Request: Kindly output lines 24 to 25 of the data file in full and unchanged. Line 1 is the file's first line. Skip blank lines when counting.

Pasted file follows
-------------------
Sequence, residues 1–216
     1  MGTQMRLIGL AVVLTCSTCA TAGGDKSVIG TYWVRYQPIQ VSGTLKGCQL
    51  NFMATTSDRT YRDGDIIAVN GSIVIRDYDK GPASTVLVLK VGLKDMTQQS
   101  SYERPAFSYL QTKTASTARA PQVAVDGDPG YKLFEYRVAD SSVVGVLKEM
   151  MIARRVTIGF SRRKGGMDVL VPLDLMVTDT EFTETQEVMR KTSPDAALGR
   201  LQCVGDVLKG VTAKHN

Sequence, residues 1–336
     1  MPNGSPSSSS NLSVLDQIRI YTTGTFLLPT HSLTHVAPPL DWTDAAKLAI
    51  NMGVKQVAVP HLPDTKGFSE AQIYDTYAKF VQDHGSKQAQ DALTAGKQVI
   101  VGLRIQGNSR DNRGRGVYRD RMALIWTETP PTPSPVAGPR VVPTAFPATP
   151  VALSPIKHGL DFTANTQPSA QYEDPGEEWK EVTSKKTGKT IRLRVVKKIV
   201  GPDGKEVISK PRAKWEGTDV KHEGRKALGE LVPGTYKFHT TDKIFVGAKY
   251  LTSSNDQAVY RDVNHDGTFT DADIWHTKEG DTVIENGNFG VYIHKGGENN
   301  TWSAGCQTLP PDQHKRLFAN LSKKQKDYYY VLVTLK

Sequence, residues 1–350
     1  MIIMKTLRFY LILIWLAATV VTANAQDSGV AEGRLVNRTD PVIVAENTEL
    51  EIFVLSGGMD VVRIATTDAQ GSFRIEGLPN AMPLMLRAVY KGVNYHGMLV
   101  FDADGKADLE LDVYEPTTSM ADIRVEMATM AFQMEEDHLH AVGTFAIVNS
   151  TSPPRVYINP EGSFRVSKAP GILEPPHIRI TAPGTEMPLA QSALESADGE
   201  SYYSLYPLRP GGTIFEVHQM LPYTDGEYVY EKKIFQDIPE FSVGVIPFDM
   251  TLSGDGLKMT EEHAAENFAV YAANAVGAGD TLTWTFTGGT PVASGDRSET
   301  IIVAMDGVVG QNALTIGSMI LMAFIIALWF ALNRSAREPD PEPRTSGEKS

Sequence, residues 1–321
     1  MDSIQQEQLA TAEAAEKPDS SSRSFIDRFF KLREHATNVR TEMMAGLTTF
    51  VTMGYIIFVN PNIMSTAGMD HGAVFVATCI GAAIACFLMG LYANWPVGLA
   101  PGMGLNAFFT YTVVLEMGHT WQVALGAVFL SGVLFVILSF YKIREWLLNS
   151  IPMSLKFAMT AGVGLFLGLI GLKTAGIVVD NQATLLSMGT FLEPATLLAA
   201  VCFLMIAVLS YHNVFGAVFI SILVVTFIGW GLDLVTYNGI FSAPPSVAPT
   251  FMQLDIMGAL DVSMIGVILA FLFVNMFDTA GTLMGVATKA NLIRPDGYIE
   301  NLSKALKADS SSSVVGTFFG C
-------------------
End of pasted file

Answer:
     1  MDSIQQEQLA TAEAAEKPDS SSRSFIDRFF KLREHATNVR TEMMAGLTTF
    51  VTMGYIIFVN PNIMSTAGMD HGAVFVATCI GAAIACFLMG LYANWPVGLA